I hardly recognize the girl I used to be. I think back and can vaguely remember a girl who was scared to be alone. A girl who didn’t know why a person would ever want to be alone; nor had the first clue how to be alone.
Nearly 20 years ago, after my first marriage and a rebound relationship ended, I was sitting on a bail of hay on my brother’s farm in northern Michigan. He was feeding the horses while I sat on the hay crying. What am I going to do? I asked through tears. I didn’t know how I was going to survive. The pain of these two relationships hit me at once. He was quiet.
Then he said: “You don’t know how to be alone. You’ve never been alone.”
Sadly, he was right. Up until that point I had never been alone. I was afraid to be alone. Deep down, I believed it meant no one wanted to be with me.
I couldn’t have imagined how much I would fall in love with, and how very much I would learn to crave, solitude. How much I would learn in the stillness and silence of my own inner voice.
All those years ago, on a hay bail in northern Michigan, I made a pact with myself that I would learn how to be alone. I had one year left in my detour through college to finish my degree. I decided after graduation I would take a trip. Alone.
I chose Europe. For six weeks.
Just a Eurorail pass and a backpack I set out on a six-week adventure that took me through Germany, Switzerland, Italy, Austria, Holland and Belgium. All by myself. I didn’t make a reservation or a plan, I just went. I don’t know how my parents let me do it, but they did. I don’t think I would’ve listened had they said no. I was ready to find myself and I knew I needed to go far away to do it.
The experience had it’s intended effect: I came back changed.
No longer a girl afraid of her own voice I learned to trust my intuition, listen to my heart, keep my mind open, discover new experiences, search for things I love, and find comfort in the silence of my own spirit.
It was the best six weeks of my life. The most amazing things happen when you’re alone. People see you. You stand out when you’re alone, and incredible things can happen. While in Italy I was noticed by a local woman at the train station who invited me to dinner in her home. She took me shopping in the markets, introduced me to a local farmer where we spent an afternoon shaking mandarin trees, eating mandarins and reading poetry while looking out at the Ligurian sea. The farmer invited me to a private dinner party of 5 Italian couples where we ate fish they caught in the sea, drank limoncino he made from his own lemons, and fresh pesto from his olive trees. She made me a beautiful breakfast the morning I left Cinque Terre.
These incredible experiences happened because I was alone.
If you’re afraid to go out by yourself, here are a few simple ways to learn how to be alone, without feeling lonely.
1. Set a goal.
Decide that you will go out alone once/month. It can be a coffee shop, out for dinner, even a little wine bar. If you’re nervous you’ll be spotted by someone you know and feel uncomfortable, choose a little restaurant out of the way or in a neighboring town. It’s not to hide away, you’re just learning to be comfortable by yourself. Eventually you’ll be fine going anywhere.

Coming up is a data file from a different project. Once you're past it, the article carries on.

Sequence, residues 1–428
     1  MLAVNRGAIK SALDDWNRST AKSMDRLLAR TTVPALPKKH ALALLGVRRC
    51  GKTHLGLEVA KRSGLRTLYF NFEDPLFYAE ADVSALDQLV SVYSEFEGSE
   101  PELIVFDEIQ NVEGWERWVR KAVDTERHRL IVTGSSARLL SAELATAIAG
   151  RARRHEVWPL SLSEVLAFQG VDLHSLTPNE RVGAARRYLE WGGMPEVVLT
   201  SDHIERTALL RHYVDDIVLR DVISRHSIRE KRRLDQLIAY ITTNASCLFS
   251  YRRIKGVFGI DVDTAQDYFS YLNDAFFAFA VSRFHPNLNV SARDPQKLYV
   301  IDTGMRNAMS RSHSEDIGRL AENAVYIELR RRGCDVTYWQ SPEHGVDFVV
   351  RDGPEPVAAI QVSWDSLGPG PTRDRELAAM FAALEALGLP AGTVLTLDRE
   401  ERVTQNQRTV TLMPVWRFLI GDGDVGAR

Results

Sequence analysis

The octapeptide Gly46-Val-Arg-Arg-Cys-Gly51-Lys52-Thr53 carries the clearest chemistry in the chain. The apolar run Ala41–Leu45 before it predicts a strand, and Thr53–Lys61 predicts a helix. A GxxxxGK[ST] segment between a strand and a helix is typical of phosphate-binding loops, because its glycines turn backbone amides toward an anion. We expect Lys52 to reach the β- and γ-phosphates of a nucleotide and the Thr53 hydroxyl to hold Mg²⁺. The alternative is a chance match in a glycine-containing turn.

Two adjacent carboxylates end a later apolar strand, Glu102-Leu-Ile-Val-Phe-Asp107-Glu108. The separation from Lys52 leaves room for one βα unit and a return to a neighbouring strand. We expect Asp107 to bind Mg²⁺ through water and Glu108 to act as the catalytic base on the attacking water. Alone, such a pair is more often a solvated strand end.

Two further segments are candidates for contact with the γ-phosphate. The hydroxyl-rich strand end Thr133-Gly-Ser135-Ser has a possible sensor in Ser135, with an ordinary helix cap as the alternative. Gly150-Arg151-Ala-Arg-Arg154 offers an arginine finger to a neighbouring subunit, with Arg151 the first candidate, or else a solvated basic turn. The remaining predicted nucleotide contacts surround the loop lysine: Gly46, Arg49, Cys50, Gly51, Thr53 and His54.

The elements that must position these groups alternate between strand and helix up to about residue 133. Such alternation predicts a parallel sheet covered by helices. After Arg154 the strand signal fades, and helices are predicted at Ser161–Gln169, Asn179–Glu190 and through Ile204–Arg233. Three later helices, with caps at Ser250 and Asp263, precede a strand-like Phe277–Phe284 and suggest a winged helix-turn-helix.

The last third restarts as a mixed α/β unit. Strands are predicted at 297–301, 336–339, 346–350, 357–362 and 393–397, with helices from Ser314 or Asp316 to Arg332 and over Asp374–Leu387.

2. Bring a journal.
One of my absolute most treasured things are my journals from Europe. I had one with me everywhere and I journaled the entire trip: who I met, what I ate, what I saw on the trains, in the streets, what I was thinking, processing, learning while I went. Today these journals and memories are precious to me. They mark a time of transition in my life – the time I moved from afraid to brave.
3. Bring a book.
If you’re totally nervous and uncomfortable this is a great distraction while you wait for your meal or drink. Just promise you’ll put it down at some point and look around. Being alone offers you a great opportunity to see others. When we’re in a group or with another we typically don’t see the people around us. Alone, you see everything happening around you. You see joy, celebration, sadness, and need. Look up from your book and see the life that goes on when we’re not looking. You’ll be amazed.
4. Talk to yourself.
The only time on my backpack trip through Europe that I felt sad and lonely was in Venice. Nestled in the city of love, I sat in a little Italian restaurant filled with tables for two. Every table lovers, smiling, holding hands and excitedly talking about their day. It was the first time in a month that I felt lonely while alone. I remember finishing dinner and walking out to the pier, leaning on the railing and letting a tear roll down my cheek. I felt sad, but I was okay. I reminded myself that I was learning so much during this time of solitude so that I could be a better friend to myself and a better partner for my future husband. That in learning to love myself first, I would find someone who could love me better. Give yourself permission to be sad if you are. Be lonely, if you are. The feeling is just a feeling and it won’t hurt you. Soon the feeling will pass and you’ll write it in your journal and learn something about yourself that perhaps you never knew.
Being alone doesn’t have to feel lonely. Now, being alone is one of my most favorite things. It’s the time I am able to be still and quiet, and hear my true inner voice. It’s one of the ways I connect with peace. With the truth I’m often too busy to hear during the normal course of my day.
Get out of your comfort zone. Practice courage. Nurture solitude. I pray you discover it to be as healing and liberating as I did.